Moreover, students who have identified the grammatical, social, or cognitive hurdles that prevent them from learning a second language will be much more capable of overcoming these obstacles and adapt their learning from their experiences and capable of measuring their own progress.
Therefore, knowing what our language learning goals and the strategies to overcome them are critical for our students.


In the previous lesson we began to cover the topic of the global economy as stimulus material for students' timed conversations. I also asked student to write three learning goals in their blogs that were 1) explicitly stated, 2) achievable, and 3) tractable or assessable. In today's lesson, we will review the goals from their blogs and use a worksheet to narrow details about what they would like to learn.


We began class by reviewing several example sentences from the students' blogs that from the a previous assignment to identify basic grammatical problems. The problems included tense agreement, modifying compound nouns, relative clauses, and use of quantifiers such as "a lot." When asked, students were able to correct most of the errors but they did not understand why. In some cases, I was unable to provide an explanation for an error and its correction.

Next, we reviewed a students' blogs and examples of the goals written in the blog:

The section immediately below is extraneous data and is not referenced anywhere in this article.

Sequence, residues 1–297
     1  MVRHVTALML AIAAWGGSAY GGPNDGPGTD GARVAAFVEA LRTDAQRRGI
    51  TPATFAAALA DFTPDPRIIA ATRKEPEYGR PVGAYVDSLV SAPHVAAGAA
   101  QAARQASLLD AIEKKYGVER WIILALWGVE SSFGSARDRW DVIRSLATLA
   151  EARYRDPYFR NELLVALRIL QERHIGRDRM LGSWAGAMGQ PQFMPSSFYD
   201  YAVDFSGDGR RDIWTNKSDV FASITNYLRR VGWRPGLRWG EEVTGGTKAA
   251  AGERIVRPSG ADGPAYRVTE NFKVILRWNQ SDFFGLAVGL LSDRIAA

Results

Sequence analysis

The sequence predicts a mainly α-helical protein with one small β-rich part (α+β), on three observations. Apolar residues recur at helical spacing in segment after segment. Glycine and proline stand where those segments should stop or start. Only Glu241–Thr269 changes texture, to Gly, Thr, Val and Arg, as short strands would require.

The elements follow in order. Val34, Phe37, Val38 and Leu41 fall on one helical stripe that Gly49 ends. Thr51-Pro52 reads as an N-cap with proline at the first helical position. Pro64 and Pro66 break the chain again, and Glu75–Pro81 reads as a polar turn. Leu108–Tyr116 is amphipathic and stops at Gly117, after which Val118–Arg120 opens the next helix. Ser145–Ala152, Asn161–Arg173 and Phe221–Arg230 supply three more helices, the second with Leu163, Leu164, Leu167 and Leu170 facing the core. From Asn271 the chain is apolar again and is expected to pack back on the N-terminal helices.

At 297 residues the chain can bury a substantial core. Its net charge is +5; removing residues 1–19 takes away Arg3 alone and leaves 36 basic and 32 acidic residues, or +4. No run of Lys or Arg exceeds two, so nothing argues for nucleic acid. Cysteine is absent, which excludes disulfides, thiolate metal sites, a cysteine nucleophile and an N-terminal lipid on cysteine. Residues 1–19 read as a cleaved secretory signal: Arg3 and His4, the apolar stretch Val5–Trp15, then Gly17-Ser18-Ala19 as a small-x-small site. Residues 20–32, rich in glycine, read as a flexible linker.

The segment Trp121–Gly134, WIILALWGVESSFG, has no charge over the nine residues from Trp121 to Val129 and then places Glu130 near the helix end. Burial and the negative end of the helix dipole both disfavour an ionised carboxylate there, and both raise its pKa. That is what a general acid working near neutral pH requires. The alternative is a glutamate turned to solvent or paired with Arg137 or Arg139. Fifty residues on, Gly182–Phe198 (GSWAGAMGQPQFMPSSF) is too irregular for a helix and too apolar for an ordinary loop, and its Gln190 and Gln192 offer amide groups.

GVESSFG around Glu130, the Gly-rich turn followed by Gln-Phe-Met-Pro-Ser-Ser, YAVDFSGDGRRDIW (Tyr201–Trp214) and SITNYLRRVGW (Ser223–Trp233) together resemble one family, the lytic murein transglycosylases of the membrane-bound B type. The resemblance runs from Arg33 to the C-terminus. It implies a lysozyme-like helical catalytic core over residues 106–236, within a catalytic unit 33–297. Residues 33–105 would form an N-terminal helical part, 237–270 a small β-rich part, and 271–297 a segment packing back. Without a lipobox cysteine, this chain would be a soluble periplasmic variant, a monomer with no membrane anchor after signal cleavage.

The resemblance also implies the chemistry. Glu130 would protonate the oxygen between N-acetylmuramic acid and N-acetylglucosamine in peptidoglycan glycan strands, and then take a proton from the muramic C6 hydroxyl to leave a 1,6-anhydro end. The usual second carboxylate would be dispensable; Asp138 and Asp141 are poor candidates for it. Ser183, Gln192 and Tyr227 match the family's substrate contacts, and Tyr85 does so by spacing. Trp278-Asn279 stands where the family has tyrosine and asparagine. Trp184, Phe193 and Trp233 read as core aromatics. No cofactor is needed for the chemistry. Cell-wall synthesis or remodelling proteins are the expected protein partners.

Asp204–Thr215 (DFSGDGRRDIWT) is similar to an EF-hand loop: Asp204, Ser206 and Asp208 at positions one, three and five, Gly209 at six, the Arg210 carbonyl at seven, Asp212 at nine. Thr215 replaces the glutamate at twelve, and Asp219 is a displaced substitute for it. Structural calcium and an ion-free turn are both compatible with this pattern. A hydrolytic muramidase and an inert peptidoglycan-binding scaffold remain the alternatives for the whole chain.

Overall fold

I also decided to show some examples of broad, incomplete, or non-assessable goals so students and then model a learning goal that I created for my Japanese studies. I copied these goals and produced them on a "" page.

After reviewing the student goals and the model goals, the students were given a handout in order to revise their goals. The remaining time of the period was used to complete the goal sheet although few students could revise more than one goal. Some students also said that they did not feel that setting goals was useful for their learning style or had experience in setting goals before.

Finally, toward the end of the class, I directed student to discuss with a partner their language learning history through a timed conversation. Students asked their partner how they learned English, if they thought it was effective, and what comments they received on their initial goal. Each person then reported how their language partner learned English and their opinions on effective ways to learn languages. By the time this conversation was complete, we had run out of time and only half of the lesson plan was completed.


This was a discouraging lesson as a teacher because not only did the students not understand the purpose of writing goals but they also didn’t see the usefulness in doing so. After the final timed conversation, several students related that they didn’t understand why they were being asked to set goals and also stated that they felt goal setting didn’t fit into their learning style. At this point, I had to explain some of my rationale for the class set up, and I think having to explain the rationale dissuaded students from the usefulness of the class.

I have to ask myself, should I have been more discrete in what I was trying to ask my students to accomplish? Should I have asked my students first whether they thought setting goals was useful, or was I correct in pushing for this element of the class curriculum? In retrospect, I can see now that the students were unable to relate the goals they set to their real-world and their learning practices and that they were also unable to maintain or track their progress. However, I still believe that goal setting is a vital key for a class with highly proficient language learners who are struggling to refine their accuracy, and I hope to improve this aspect of the class so students can learn to set and track their own goals in the future.